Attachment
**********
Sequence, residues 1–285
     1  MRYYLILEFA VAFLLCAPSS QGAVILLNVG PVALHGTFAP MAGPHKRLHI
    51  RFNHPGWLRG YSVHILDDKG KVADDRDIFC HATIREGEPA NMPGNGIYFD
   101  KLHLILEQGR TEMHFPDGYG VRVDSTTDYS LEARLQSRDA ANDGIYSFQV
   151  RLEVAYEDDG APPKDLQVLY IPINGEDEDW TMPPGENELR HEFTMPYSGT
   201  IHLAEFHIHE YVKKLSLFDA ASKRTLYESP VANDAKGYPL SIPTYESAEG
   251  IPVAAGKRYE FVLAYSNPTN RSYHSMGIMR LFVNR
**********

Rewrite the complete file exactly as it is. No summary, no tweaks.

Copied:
Sequence, residues 1–285
     1  MRYYLILEFA VAFLLCAPSS QGAVILLNVG PVALHGTFAP MAGPHKRLHI
    51  RFNHPGWLRG YSVHILDDKG KVADDRDIFC HATIREGEPA NMPGNGIYFD
   101  KLHLILEQGR TEMHFPDGYG VRVDSTTDYS LEARLQSRDA ANDGIYSFQV
   151  RLEVAYEDDG APPKDLQVLY IPINGEDEDW TMPPGENELR HEFTMPYSGT
   201  IHLAEFHIHE YVKKLSLFDA ASKRTLYESP VANDAKGYPL SIPTYESAEG
   251  IPVAAGKRYE FVLAYSNPTN RSYHSMGIMR LFVNR